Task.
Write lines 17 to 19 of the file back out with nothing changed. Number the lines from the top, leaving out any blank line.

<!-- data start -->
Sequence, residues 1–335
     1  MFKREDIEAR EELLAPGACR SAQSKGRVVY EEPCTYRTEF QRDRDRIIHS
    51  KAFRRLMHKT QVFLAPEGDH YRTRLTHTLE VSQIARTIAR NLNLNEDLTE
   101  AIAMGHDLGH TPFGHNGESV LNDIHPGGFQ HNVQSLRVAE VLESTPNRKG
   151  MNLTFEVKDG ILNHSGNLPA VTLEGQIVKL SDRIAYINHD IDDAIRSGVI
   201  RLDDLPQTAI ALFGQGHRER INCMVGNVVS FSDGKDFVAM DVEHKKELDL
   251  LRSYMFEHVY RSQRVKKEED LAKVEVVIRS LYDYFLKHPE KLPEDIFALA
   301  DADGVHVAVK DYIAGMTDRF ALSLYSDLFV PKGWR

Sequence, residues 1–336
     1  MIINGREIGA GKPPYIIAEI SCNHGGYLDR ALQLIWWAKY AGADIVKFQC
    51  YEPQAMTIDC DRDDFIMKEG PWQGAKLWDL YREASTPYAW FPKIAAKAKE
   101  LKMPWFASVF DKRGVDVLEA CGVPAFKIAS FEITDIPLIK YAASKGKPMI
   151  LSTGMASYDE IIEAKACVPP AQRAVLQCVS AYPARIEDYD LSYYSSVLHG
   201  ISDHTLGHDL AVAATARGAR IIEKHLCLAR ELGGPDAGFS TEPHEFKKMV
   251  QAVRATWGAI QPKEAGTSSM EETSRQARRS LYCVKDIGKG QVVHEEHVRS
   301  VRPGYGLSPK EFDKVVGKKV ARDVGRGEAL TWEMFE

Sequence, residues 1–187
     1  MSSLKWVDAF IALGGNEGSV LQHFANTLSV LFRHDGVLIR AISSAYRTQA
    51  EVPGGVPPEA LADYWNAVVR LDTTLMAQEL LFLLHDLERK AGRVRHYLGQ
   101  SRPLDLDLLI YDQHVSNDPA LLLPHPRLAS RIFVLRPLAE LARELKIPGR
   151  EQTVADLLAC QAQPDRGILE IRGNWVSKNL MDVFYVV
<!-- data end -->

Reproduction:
Sequence, residues 1–187
     1  MSSLKWVDAF IALGGNEGSV LQHFANTLSV LFRHDGVLIR AISSAYRTQA
    51  EVPGGVPPEA LADYWNAVVR LDTTLMAQEL LFLLHDLERK AGRVRHYLGQ